Magazine article Review - Institute of Public Affairs

Workers' Compensation: Time to Rethink the Options

Magazine article Review - Institute of Public Affairs

Workers' Compensation: Time to Rethink the Options

Article excerpt

THE workers' compensation schemes in the various States and Territories differ in their detail, but they all seem to attract criticism from both sides of the industrial fence.

Employers regard the current schemes as far too expensive and as a significant disincentive to job creation. Trade unions feel that the level of benefits is often inadequate and that this can create hardship for some severely injured employees.

In Victoria, common-law claims under that State's scheme were largely abolished by the former Coalition Government. They were recently restored by the current Labor Government-although, to the disappointment of the unions and of claimant workers, this was not done retrospectively.

As the quality of the debate on that matter left a lot to be desired, it is worthwhile looking at the subject from first principles, analysing the problem before looking at a possible solution.


The concept that, in a civilized society, persons who cause injury to other persons should, as a matter of morality, compensate their victims is well established.

This principle, long enshrined in the common law of England (and Australia), now covers all manner of situations and is not confined to the workplace. Naturally, compensation needs to have regard both to pain and suffering and to economic loss.

One difficulty which can arise in practice is that a party found liable in such circumstances might lack the wherewithal to meet the damages awarded by a court (or agreed in an out-of-court settlement).


Many years ago a remedy for this was arrived at by the authorities, at least in two common situations. This remedy was to require compulsory insurance for employers, regarding injuries to their own employees; and for motor car drivers in regard to vehicle accidents on the roads.

Other injuries which might be equally harmful to the victims-for example, when a brick falls off a house onto a passer-by or even when a motorist drives into a tree-were left out of these arrangements. So this legislative approach, with its obvious anomalies, was really flawed right from the start.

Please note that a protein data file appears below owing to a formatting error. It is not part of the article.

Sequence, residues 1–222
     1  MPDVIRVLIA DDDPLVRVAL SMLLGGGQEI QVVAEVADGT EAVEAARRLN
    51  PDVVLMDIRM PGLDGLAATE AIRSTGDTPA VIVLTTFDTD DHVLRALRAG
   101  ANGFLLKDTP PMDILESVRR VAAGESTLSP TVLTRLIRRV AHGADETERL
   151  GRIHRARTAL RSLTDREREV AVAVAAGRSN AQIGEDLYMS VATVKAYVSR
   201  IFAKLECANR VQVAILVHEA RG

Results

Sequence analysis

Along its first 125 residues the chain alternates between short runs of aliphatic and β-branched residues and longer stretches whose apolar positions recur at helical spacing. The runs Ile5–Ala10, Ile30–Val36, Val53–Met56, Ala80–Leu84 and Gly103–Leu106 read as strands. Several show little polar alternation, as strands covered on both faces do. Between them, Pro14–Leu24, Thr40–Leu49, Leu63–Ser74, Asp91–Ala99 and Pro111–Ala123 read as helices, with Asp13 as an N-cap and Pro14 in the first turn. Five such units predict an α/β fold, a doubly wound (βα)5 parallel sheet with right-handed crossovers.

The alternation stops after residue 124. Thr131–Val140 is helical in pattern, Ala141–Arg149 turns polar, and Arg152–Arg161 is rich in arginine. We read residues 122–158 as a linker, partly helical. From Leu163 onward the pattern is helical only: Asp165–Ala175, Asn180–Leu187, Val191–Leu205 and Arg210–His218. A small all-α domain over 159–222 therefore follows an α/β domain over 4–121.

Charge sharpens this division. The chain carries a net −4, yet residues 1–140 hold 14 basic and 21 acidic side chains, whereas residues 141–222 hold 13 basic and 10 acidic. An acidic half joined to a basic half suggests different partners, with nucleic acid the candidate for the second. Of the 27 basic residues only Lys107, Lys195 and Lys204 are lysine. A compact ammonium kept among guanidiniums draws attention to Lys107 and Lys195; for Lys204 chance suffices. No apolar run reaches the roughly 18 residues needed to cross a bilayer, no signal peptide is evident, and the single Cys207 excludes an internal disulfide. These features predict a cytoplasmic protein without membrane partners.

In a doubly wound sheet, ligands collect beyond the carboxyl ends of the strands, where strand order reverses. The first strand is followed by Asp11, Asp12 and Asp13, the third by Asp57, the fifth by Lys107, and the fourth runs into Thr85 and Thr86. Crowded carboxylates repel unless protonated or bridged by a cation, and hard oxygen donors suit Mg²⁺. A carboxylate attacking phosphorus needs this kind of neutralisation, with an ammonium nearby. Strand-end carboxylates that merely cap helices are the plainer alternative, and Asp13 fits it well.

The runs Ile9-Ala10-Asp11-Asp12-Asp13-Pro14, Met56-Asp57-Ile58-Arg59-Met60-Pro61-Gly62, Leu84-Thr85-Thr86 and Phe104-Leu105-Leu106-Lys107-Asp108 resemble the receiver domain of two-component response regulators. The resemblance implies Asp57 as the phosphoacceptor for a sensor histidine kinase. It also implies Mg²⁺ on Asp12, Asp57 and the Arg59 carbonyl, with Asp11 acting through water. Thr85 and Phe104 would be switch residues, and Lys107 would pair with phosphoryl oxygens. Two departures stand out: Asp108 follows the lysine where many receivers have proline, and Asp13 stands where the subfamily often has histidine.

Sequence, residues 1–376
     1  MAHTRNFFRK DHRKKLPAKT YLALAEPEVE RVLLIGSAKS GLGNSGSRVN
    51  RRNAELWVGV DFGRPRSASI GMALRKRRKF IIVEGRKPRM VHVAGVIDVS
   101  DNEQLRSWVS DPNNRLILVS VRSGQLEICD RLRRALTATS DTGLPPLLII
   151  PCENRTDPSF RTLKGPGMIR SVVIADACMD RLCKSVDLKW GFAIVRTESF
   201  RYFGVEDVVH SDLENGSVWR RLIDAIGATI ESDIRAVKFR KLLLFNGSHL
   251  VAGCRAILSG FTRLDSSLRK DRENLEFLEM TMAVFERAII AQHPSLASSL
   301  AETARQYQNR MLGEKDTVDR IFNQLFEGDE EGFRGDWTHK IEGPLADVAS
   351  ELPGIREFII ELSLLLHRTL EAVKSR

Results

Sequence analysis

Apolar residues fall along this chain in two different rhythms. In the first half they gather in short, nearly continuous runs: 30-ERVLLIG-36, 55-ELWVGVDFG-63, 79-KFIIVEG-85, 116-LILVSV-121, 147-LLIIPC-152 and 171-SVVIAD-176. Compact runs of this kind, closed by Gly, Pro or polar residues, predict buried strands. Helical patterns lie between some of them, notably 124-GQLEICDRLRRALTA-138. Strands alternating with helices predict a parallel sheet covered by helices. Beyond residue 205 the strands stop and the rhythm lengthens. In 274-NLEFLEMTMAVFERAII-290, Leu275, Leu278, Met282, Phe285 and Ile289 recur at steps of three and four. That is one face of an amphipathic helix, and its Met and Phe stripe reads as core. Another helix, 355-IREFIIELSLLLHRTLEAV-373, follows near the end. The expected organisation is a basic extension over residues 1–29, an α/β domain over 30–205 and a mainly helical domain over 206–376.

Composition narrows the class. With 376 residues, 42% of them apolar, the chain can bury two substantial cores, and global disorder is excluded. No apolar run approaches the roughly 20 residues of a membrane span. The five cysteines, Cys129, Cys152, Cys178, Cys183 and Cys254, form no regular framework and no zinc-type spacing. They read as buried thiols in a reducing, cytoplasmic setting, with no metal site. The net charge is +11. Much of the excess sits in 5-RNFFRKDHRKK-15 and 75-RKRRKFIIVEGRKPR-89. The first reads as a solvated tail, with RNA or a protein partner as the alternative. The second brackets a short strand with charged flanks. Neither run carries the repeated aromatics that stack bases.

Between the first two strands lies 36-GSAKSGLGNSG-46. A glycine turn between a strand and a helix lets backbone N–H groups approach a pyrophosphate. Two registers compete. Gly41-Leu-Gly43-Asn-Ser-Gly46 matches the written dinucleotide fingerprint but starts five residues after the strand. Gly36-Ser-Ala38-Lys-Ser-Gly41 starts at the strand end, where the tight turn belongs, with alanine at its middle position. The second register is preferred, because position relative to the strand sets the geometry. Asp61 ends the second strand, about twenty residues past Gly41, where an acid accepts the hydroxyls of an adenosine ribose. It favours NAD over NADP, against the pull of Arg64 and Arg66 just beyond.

As time passed, a number of socalled improvements were built into the workers' compensation systemfor example, benefits were extended to cover injuries on the way to and from work; and the definition of `employee' was widened. The line between such schemes and social security started to get blurred.


When discussing such issues, the public invariably mixes up two quite separate aspects:

* the overall costs of compensation to the community, and

* the best ways of meeting such costs.

The aggregate costs are a function of the dollars actually flowing to victims, to health professionals, to lawyers and to various administrative personnel. They are not a function of book-keeping-a factor which also applies to another frequent hot potato, health insurance.

The basic costs are going to be the same in total regardless of whether these are funded out of:

* direct payments by the persons causing (or deemed to cause) injury, or

* insurance premiums, or

* consolidated revenue.

However, the associated costs for lawyers and the like will, of course, differ considerably according to the way the community chooses to handle these issues.

One possible advantage of an insurance scheme is its ability to impose a discipline on employers, encouraging them to set up safe work practices. This can happen where premium rates are aligned to the perceived risks. Such a discipline, however, could also be imposed in other ways-for example, through the criminal law.


If compulsory insurance is to be used in the workplace, then naturally the premiums become a cost to employers. But this applies equally to all the other expenses of running a business-wages, rent, electricity, telephones, and so on. …

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